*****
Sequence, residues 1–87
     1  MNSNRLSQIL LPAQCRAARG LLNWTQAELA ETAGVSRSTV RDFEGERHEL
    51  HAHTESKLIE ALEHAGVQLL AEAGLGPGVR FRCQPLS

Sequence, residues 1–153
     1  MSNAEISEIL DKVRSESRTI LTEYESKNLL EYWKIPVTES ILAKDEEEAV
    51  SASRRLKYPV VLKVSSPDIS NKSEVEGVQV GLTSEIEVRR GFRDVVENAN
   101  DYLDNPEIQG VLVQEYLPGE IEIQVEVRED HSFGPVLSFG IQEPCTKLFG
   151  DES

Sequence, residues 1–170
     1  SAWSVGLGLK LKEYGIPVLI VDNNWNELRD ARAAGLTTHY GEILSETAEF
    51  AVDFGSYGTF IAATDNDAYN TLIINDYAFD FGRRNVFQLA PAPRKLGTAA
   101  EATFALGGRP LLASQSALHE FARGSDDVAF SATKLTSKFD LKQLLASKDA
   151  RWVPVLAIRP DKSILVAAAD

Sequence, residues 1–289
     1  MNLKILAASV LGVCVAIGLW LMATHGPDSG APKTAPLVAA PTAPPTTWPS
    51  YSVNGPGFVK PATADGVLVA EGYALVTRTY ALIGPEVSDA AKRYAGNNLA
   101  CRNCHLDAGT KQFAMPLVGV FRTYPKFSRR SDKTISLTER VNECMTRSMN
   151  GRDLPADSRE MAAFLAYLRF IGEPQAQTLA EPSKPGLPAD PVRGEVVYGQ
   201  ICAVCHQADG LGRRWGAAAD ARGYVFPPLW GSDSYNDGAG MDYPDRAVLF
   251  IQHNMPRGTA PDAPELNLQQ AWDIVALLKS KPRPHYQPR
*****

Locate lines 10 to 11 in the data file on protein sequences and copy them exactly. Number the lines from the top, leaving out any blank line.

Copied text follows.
     1  SAWSVGLGLK LKEYGIPVLI VDNNWNELRD ARAAGLTTHY GEILSETAEF
    51  AVDFGSYGTF IAATDNDAYN TLIINDYAFD FGRRNVFQLA PAPRKLGTAA